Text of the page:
Ensuring proper training of both providers and patients is essential for the successful integration and sustainment of MHS GENESIS into MHS care.

Recommended Content:

Health Readiness & Combat Support | Health Care Technology | MHS GENESIS Toolkit | MHS GENESIS: The Electronic Health Record | MHS GENESIS

How Military Medicine Is Preparing for the Next Conflict

Article
6/8/2022
As the Pentagon prepares today’s force for a “near-peer” fight against a large military adversary, the Military Health System is challenged to provide life-saving support for large-scale and dispersed operations.

As the Pentagon prepares today’s force for a “near-peer” fight against a large military adversary, the Military Health System is challenged to provide life-saving support for large-scale and dispersed operations. That’s especially true for the medics supporting troops on the front lines.

Recommended Content:

Health Readiness & Combat Support | Health Care Technology | Education & Training | Medical Education and Training Campus

Army Doctor Earns Top Honors at Air Assault School at Fort Campbell

Article
6/3/2022
Army Doctor Earns Top Honors at Air Assault School at Fort Campbell

This Army doctor finished at the top of his class at the Air Assault School at Fort Campbell. It's a 10-day course that is both physically and academically challenging, teaching soldiers the foundations of heliborne operations to include troop transportation, sling loaded cargo and equipment transportation, medical and casualty evacuation operations, and air assault operations.

Recommended Content:

Health Readiness & Combat Support

Could a Therapy Dog Help with Your Dental Anxiety?

Article
6/2/2022
Air Force Brig. Gen. Goldie, a facility therapy dog at Walter Reed National Military Medical Center, helps reduce anxiety in a patient with complex dental conditions that require multiple appointments. The use of therapy dogs is part of an ongoing study with these patients.

A first-of-its-kind study at Walter Reed National Military Medical Center is researching whether using facility therapy dogs in dentists’ offices could reduce patient anxiety and improve outcomes for military dental treatment programs.

Recommended Content:

Health Readiness & Combat Support | Total Force Fitness

Tips for Military Parents Planning PCS Moves with Children

Article
6/2/2022
Moving can be hard on military families, especially on children. Moving to a new home, going to a new school, finding new friends – it can be unsettling for kids of any age. Yet there are things that service members can do to prepare for a permanent change of station move that can make for a smoother transition for the children.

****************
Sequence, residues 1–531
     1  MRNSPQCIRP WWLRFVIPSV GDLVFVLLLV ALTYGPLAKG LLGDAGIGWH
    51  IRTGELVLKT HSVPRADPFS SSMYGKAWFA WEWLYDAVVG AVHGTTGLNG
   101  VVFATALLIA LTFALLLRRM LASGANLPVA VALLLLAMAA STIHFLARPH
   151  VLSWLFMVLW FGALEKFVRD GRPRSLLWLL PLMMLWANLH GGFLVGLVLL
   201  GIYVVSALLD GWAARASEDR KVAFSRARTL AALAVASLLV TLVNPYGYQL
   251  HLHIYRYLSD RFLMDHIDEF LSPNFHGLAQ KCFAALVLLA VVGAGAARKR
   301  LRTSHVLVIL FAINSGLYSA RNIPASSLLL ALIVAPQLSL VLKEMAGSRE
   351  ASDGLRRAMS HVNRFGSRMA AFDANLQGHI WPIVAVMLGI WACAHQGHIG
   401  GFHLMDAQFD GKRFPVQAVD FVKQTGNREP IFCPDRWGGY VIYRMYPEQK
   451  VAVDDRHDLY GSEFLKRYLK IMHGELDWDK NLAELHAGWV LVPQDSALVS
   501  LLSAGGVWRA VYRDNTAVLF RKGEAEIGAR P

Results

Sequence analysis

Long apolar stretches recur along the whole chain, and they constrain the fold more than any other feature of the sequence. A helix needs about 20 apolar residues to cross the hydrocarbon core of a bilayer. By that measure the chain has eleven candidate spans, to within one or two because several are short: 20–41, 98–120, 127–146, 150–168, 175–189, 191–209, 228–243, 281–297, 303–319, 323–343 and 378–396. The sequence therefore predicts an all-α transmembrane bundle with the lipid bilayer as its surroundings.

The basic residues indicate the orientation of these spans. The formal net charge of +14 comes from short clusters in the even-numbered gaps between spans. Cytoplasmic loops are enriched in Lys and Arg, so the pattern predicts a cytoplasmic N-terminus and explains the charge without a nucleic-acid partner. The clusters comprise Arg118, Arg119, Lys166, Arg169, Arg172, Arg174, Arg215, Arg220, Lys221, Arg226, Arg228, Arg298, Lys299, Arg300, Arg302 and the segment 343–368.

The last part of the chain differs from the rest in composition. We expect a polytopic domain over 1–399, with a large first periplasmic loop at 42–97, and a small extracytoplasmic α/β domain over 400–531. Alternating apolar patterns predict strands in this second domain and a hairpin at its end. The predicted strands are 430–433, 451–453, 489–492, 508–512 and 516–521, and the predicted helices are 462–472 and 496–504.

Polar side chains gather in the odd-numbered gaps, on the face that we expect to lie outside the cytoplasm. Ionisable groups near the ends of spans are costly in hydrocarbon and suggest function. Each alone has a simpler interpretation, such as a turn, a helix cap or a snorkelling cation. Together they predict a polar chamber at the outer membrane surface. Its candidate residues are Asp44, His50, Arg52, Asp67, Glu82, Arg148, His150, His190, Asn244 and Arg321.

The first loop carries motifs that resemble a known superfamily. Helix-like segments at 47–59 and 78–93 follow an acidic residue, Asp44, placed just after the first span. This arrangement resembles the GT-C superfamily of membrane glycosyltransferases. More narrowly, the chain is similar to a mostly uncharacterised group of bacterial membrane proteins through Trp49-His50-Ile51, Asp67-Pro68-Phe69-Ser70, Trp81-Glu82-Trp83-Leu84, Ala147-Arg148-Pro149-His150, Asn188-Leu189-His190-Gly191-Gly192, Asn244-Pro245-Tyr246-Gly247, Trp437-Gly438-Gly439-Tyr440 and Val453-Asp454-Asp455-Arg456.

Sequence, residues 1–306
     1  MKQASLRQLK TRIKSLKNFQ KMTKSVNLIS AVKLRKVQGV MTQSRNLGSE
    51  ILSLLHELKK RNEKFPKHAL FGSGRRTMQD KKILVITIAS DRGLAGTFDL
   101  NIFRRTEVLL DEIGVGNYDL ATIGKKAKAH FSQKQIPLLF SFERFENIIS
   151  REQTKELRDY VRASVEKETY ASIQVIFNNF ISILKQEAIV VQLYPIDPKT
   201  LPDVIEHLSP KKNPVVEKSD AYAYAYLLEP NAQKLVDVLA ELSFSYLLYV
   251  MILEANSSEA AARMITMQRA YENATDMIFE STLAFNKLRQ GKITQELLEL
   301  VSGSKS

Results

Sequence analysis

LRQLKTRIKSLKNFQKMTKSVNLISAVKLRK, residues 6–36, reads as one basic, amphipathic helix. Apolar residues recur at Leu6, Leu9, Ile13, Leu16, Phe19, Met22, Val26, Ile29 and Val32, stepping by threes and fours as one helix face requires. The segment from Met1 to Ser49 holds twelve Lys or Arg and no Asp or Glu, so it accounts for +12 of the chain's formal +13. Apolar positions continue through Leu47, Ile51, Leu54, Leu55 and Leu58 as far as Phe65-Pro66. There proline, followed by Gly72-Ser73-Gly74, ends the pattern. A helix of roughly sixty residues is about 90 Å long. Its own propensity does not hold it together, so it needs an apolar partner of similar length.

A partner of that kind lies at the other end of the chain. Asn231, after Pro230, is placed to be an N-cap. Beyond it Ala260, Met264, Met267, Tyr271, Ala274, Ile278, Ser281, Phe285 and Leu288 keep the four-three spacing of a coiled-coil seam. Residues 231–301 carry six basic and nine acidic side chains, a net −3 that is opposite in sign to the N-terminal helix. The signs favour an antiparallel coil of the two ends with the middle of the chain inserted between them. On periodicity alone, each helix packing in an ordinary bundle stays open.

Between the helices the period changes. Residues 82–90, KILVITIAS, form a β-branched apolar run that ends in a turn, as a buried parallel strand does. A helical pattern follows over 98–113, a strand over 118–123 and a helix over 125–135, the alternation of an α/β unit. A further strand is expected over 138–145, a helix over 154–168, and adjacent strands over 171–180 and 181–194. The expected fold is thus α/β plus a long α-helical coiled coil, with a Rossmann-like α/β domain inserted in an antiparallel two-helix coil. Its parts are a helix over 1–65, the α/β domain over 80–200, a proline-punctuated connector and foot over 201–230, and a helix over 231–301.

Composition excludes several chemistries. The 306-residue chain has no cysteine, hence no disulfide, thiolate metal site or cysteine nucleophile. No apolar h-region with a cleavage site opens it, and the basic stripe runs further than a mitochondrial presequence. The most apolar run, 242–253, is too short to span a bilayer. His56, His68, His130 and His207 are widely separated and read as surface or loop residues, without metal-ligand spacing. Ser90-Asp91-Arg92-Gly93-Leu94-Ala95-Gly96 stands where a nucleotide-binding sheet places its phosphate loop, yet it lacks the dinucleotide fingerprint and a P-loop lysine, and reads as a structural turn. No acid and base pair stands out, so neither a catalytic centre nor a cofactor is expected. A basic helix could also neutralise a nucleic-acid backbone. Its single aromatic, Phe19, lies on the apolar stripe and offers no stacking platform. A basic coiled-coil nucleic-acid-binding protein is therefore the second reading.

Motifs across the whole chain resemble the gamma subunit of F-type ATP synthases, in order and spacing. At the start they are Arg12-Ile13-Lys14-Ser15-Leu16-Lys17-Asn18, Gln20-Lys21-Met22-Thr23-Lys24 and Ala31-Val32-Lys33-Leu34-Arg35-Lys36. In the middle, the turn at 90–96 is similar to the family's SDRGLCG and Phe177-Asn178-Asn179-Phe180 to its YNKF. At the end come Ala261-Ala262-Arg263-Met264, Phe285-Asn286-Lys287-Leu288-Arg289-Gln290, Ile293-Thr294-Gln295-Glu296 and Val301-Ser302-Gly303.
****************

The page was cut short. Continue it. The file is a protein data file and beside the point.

Moving can be hard on military families, especially on children. Moving to a new home, going to a new school, finding new friends – it can be unsettling for kids of any age. Yet, there are things that service members can do to prepare for a permanent change of station move that can make for a smoother transition for the children.

Recommended Content:

Health Readiness & Combat Support | Total Force Fitness

Corneal Collagen Cross Linking in the Military a Game Changer

Article
5/27/2022
Corneal collagen cross-linking, known as CXL, the first and only treatment to date that is proven to stop Keratoconus, KCN, progression.

Corneal collagen cross-linking, known as CXL, the first and only treatment to date that is proven to stop Keratoconus, KCN, progression.

Recommended Content:

Health Readiness & Combat Support

Facility Dogs Play a Vital Role in Recovery for Patients Across the MHS

Article
5/27/2022
Luke is a German Shephard facility dog.

Each dog has his or her own rank, service, and uniform and is inducted in an enlistment or commissioning ceremony. Today, the Facility Dog Program at WRNMMC includes Sully, a yellow Lab who was former President George H.W. Bush’s service dog.

Recommended Content:

Our History | Health Readiness & Combat Support

After Leading Through the Pandemic, TRICARE Pharmacy Chief Retires

Article
5/27/2022
Pharmacy Services

How COVID-driven changes are improving the TRICARE Pharmacy System.

Recommended Content:

Health Readiness & Combat Support | Health Care Technology

How Health Care Providers Can Mitigate Burnout

Article
5/25/2022
U.S. Army Soldiers load a simulated patient on to a New Jersey National Guard UH-60L Black Hawk helicopter during a combat lifesaver course run by the Medical Simulation Training Center on Joint Base McGuire-Dix-Lakehurst, New Jersey, April 14, 2022.  (U.S. Air National Guard photo by Master Sgt. Matt Hecht)

“No one is immune to burnout. Healthcare providers are very good at rescuing others. We train for it and practice it daily. Unfortunately, we often do so at the expense of our own health and wellness.”

Recommended Content:

Total Force Fitness | Health Readiness & Combat Support
<< < 1 2 3 4 5 > >> 
Showing results 1 - 15 Page 1 of 5
Refine your search
Last Updated: July 20, 2022
Follow us on Instagram Follow us on LinkedIn Follow us on Facebook Follow us on Twitter Follow us on YouTube Sign up on GovDelivery